-Housing assistance (especially in high-cost housing markets)
          -Educational assistance (so people can do the jobs in the places they’re moving to)

          …and so forth. That could be quite a massive expense, which doesn’t necessarily mean that it shouldn’t be done, but you might have the same problem you suggested in your comment downthread wherein the broader public asks why you’re spending all this money to send people around the country, particularly if it’s not clear what they will be doing or if what they do end up doing will be enough for them to live wherever they go.

          • Brett

            I was thinking about going further and targeting specific economically depressed areas for a “temporary job” program in potential destination cities with low unemployment rates and good growth. Basically, guarantee a member of the family (or both adults if they want) a 1-2 year job placement in the destination place, and a bonus if they find a different job once they get there.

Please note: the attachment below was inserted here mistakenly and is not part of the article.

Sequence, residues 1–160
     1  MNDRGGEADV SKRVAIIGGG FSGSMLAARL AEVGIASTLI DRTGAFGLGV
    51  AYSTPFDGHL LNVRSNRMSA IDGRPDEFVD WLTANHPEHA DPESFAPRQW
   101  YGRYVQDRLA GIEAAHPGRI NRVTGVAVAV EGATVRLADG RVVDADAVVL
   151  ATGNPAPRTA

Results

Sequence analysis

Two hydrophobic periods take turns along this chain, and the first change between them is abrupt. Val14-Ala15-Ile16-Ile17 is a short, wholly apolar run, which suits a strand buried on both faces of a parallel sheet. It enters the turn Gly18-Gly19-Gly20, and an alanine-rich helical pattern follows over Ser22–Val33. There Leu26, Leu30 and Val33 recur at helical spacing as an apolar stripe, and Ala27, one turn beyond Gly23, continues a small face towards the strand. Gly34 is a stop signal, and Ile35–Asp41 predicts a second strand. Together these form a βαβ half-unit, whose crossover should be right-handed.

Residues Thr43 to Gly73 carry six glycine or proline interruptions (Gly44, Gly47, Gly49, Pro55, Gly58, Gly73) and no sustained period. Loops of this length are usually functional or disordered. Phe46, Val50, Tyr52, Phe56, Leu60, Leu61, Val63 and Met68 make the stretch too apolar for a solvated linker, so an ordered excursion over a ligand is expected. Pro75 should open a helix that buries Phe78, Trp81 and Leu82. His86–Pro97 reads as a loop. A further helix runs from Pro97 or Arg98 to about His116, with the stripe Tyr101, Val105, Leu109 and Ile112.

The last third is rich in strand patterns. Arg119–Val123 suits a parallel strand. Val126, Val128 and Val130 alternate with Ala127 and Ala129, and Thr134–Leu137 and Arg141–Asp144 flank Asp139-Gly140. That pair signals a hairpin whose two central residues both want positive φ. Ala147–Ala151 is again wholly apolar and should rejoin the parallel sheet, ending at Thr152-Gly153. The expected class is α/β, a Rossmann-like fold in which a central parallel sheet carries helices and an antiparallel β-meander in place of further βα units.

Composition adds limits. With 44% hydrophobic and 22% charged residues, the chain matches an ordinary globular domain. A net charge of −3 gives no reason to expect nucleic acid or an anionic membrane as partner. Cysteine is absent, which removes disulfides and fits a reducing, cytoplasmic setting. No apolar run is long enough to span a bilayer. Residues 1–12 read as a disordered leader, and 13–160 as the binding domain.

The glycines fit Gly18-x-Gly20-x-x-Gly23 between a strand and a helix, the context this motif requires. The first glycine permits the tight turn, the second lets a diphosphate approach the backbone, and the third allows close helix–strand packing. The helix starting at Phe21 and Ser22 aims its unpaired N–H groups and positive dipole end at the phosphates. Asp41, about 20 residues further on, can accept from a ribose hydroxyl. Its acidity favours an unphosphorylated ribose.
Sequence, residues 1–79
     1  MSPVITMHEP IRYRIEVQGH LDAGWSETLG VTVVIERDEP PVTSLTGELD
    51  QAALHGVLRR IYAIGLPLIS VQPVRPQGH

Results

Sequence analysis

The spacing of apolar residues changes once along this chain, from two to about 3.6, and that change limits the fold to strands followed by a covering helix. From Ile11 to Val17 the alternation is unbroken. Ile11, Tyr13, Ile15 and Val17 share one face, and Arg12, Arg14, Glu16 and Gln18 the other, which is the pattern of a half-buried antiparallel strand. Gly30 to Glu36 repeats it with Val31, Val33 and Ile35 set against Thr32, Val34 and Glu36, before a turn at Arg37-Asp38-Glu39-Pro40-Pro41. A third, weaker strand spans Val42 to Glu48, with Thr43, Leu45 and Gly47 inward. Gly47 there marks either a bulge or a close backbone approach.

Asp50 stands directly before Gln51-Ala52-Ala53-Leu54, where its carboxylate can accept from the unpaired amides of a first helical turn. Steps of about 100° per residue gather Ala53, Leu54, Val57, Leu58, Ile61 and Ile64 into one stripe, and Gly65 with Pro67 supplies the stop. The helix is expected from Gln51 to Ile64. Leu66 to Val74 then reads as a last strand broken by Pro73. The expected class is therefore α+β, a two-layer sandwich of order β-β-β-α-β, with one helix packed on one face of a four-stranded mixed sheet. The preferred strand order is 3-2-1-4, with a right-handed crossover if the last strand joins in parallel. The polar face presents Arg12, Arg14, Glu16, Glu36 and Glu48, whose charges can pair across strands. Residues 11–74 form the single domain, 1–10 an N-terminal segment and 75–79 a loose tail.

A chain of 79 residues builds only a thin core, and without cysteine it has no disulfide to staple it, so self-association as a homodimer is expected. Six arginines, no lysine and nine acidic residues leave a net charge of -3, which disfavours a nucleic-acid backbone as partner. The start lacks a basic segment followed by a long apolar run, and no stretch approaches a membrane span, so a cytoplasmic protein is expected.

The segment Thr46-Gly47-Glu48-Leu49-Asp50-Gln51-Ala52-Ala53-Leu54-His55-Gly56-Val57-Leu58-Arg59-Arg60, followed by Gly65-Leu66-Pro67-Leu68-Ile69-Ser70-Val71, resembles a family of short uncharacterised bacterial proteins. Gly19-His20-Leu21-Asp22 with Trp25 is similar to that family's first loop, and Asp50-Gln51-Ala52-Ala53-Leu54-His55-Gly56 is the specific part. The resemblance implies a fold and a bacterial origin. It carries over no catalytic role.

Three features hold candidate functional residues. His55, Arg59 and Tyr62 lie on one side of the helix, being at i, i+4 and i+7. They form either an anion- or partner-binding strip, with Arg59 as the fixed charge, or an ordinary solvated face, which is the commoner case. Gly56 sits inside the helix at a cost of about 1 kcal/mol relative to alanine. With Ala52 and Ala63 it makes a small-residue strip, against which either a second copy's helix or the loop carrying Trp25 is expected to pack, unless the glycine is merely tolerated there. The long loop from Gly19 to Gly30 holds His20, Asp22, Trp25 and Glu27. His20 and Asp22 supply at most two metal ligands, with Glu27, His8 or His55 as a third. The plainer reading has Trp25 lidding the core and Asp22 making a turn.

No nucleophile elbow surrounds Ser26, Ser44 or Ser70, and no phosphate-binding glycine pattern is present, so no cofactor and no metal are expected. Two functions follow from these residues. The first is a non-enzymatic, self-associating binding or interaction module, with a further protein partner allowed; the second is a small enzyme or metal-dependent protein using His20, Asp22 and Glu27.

On top of that, you could definitely offer moving and housing assistance.

            That could be quite a massive expense, which doesn’t necessarily mean that it shouldn’t be done, but you might have the same problem you suggested in your comment downthread wherein the broader public asks why you’re spending all this money to send people around the country, particularly if it’s not clear what they will be doing or if what they do end up doing will be enough for them to live wherever they go.

            That’s true, but I still think they’ll be better off in the end having moved – and that will help to sell a potential program like that. I think the main opposition will be local and state governments – the state of Ohio isn’t exactly going to underwrite moving assistance for people to move to California or Florida.